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We know how important inclusivity is on TV. That's why we have taken a fresh look at 5 reasons why 'Good Trouble' should be on your streaming radar.

5 reasons why you should get into ‘Good Trouble’

Freeform’s long-standing series The Fosters may have come to an end, but Callie (Maia Mitchell) and Mariana’s (Cierra Ramirez) story continues in Good Trouble.

The sisters can be seen (sort of) grown-up in the spinoff, where they set a firm foot in the real world of Los Angeles for work. After a five-year time jump, Good Trouble takes us on a journey with Callie and Mariana, while still catering to a younger audience a la millennial and Gen Z storytelling. 

Apart from the LGBTQ+ inclusion, we also see an impressive range of ethnicities in Good Trouble that weren’t present in The Fosters. Alice (Sherry Cola), Raj (Dhruv Uday Singh), and Malika (Zuri Adele) are just a few of the characters who broaden the scope of diversity in the show. 

Good Trouble, which wrapped up season one in April of this year and is currently in the midst of season two, consistently pushes the envelope where characterization is concerned, amounting in a storytelling format that is as entertaining as it is aware. Its emphasis on the very real and incredibly nuanced issues haunting our world right now helps to further establish a contemporary, if not melodramatic, millennial voice. 

Because we know how important inclusivity is on TV, the writer’s room at Film Daily has taken a fresh look at 5 reasons why Good Trouble should be on your streaming radar. 

Good Trouble’s emphasis on family

When Callie and Mariana land in Los Angeles, they move into an “intentional communal” building called The Coterie. The space is home to individuals from different backgrounds who share common spaces and bond as a family. The Adams-Foster women are reminded of what it’s like to be a part of a non-traditional setting again, and we as viewers are reminded that you don’t have to share blood to be family.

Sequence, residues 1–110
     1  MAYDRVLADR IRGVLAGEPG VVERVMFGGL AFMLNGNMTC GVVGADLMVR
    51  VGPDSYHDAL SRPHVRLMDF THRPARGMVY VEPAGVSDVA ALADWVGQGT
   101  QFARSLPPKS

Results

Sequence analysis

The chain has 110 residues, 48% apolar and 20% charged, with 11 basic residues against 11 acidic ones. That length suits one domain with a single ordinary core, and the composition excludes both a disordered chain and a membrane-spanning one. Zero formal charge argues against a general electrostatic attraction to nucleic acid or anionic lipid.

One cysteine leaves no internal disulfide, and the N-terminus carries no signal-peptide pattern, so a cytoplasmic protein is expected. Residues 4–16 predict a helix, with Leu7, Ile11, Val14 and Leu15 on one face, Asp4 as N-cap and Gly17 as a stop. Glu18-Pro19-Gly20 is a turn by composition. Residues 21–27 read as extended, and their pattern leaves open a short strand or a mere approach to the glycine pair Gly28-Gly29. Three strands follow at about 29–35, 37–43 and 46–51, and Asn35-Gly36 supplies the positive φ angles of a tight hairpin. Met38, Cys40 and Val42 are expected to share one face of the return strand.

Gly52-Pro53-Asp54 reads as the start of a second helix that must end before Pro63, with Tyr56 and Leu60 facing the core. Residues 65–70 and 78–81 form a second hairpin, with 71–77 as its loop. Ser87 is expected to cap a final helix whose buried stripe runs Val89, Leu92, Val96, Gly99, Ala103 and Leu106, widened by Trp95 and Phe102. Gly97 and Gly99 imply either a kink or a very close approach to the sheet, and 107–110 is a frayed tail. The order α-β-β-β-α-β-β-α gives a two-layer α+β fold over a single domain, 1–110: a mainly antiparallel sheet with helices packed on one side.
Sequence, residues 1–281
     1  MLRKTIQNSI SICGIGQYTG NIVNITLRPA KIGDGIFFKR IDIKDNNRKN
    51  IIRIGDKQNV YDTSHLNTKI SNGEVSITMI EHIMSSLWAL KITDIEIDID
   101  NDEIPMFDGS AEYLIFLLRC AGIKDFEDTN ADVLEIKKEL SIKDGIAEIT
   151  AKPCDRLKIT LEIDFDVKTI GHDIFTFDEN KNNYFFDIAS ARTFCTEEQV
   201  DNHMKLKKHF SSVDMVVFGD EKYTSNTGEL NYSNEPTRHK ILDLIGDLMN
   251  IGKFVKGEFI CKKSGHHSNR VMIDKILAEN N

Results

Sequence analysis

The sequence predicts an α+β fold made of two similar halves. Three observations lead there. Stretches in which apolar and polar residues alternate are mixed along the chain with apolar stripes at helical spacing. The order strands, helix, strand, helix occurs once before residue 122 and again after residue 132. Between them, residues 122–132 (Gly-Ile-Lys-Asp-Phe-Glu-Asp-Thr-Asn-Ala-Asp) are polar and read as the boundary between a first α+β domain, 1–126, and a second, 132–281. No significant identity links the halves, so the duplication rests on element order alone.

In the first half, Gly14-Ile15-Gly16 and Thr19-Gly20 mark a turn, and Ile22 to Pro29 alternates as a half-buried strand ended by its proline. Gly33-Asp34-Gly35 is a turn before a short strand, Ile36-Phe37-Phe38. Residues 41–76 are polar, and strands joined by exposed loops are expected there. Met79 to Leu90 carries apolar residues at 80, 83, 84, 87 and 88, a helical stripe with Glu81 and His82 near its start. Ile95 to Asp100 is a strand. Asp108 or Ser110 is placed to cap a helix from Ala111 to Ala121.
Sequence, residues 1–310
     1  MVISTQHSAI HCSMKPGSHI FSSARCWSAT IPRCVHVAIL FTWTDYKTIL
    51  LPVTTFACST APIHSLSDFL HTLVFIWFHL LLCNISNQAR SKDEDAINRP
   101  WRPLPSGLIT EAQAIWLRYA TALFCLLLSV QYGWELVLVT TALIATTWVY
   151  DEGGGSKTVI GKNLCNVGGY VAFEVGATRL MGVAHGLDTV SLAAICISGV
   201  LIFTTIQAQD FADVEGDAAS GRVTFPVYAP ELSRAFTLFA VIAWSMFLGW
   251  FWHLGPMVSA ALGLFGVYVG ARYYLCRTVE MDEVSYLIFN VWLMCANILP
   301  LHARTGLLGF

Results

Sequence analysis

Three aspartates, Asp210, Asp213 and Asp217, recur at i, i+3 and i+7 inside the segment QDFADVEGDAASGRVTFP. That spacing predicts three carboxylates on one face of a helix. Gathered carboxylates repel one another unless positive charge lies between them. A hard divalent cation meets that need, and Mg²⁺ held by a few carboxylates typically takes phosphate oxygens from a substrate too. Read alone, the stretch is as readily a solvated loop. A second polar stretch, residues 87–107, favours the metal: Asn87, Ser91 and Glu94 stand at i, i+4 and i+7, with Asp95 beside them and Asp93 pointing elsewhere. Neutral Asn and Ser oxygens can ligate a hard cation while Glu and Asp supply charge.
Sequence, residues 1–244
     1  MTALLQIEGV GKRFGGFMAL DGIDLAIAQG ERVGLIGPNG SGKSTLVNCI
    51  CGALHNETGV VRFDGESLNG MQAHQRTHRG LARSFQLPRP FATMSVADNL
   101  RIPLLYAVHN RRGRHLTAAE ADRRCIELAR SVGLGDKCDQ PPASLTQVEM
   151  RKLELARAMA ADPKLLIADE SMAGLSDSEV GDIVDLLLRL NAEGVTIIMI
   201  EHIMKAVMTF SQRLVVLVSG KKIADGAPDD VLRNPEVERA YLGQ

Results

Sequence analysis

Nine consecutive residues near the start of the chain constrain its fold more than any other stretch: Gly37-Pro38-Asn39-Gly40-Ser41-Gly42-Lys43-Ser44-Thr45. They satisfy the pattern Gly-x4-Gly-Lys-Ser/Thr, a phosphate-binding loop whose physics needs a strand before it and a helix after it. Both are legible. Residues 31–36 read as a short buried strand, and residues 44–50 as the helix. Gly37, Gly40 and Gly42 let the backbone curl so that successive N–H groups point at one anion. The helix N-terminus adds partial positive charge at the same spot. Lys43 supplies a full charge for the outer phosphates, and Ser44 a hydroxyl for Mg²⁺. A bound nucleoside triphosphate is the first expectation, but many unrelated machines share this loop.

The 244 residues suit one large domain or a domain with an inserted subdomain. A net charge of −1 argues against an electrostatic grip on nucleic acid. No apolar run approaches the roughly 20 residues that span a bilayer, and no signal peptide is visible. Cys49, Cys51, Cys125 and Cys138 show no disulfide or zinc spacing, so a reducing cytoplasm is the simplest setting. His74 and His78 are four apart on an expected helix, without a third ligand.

Social issues don’t come off as divisive in Good Trouble

The vibe of the show is to tell inherently crucial stories with a degree of positivity and hope. Good Trouble thrives through the balance between emotional, strenuous arcs, and lighter, amusing ones. 

We also see campaigns and rallies, like Black Lives Matter, in the show. The poignancy of social justice blends seamlessly with the drama of Good Trouble while maintaining impartiality throughout.

Female empowerment in Good Trouble

After Mariana lands a job at a tech start-up (go Mariana!), she realizes that working in tech is largely a Boy’s Club. Thankfully, Mariana challenges the stereotype that women, and particularly Latina women, don’t belong in the field. She channels her angry energy into proving herself in the company, and in the process inspires young women to do the same. 

By deciding that the women of the company need to stick together, rather than the often cliched corporate in-crowd portrayal of professional women in television, we’re able to see that banding together in feminist pursuit is far better than catty attempts at getting ahead.  

Meanwhile, in Callie’s law firm, her competition with Rebecca (Molly McCook) shows women empowering women. By escaping the confining clutches of how “competitive women” should act on television, the two refrain from being the other’s demise. 

Choice of direction creates an escape from reality

Good Trouble’s narrative construction oscillates between the past and present, offering the viewer a chance to mull over the mystery of each episode — cue the cliffhangers. 

Furthermore, scenes and conversations don’t always take place in a linear timeline, a trademark that Crazy Rich Asians director Jon M. Chu set as a precedent in Good Trouble’s pilot episode. 

Representation matters

Lastly, although we’ve seen transgender characters in the past, Good Trouble gives us a fresh new perspective on what it’s like being transgender today. 

Seeing Callie act as an almost-lawyer when she helps Jazmin (Hailie Sahar) after she’s denied a job for being a transgender woman brings awareness to the younger generation about the daily hurdles of the LGBTQ+ community. 

Good Trouble is available to stream on Freeform and Hulu. Season 2 is picking up on Monday, December 16th with an exclusive 2-hour holiday special.  

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